He will never know the entanglements of wealth or power, and he does not care what brand of clothing he wears or what kind of food he eats. His needs have always been met. He never worries that one day they may not be.

His hands are diligent. Kevin is never happier than when he is working. When he unloads the dishwasher or vacuums the carpet, his heart is completely in it. He does not shrink from a job when it is begun and he does not leave a job until it is finished. When his tasks are done, Kevin knows how to relax. He is not obsessed with his work or the work of others. His heart is pure.

He still believes everyone tells the truth and that promises must be kept and when you are wrong, you apologize instead of argue.

Free from pride and unconcerned with appearances, Kevin is not afraid to cry when he is hurt, angry or sorry. He is always transparent, always sincere. And he trusts God.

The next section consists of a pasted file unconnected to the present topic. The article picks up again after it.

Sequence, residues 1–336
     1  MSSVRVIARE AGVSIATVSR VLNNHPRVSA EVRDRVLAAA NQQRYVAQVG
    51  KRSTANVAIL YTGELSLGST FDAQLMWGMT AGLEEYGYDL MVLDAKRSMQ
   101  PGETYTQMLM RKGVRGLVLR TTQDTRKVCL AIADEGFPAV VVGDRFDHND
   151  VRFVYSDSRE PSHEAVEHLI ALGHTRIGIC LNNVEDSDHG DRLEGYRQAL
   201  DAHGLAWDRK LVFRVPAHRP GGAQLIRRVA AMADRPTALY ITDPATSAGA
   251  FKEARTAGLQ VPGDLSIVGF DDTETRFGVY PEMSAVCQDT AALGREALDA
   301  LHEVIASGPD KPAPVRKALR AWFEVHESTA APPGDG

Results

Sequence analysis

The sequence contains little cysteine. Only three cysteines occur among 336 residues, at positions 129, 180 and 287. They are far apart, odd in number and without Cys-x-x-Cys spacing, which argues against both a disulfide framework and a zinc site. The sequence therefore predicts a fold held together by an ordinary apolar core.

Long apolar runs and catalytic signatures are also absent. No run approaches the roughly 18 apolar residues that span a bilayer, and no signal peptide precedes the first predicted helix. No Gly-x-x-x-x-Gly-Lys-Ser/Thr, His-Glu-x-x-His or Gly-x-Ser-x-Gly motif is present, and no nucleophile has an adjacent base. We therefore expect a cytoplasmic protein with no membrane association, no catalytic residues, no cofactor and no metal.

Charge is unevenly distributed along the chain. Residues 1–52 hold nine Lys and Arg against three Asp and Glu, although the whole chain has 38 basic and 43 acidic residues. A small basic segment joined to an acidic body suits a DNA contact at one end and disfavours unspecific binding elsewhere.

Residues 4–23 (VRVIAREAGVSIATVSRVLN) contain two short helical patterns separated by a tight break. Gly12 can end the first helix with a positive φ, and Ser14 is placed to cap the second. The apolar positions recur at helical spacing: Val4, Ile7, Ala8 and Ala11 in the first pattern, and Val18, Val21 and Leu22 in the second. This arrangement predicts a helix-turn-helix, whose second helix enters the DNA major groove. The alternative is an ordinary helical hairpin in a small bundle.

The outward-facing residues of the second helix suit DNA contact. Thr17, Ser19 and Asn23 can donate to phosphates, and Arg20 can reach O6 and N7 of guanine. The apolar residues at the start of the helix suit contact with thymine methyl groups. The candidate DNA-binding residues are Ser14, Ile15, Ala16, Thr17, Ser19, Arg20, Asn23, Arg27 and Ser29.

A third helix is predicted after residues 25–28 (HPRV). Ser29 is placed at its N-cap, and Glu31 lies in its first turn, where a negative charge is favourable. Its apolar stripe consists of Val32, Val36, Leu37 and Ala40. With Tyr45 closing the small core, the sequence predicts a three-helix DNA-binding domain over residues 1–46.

Not confined by intellectual reasoning, when he comes to God, he comes as a child. Kevin seems to know God – to really be friends with God in a way that is difficult for an ‘educated’ person to grasp. God is his closest companion.

In my moments of doubt and frustrations, I envy the security Kevin has in his simple faith.

It is then that I am most willing to admit that he has some divine knowledge that rises above my mortal questions.

It is then I realize that perhaps he is not the one with the handicap. I am. My obligations, my fear, my pride, my circumstances – they all become disabilities when I do not trust them to God’s care.

Who knows if Kevin comprehends things I can never learn? After all, he has spent his whole life in that kind of innocence, praying after dark and soaking up the goodness and love of God.

And one day, when the mysteries of heaven are opened, and we are all amazed at how close God really is to our hearts, I’ll realize that God heard the simple prayers of a boy who believed that God lived under his bed.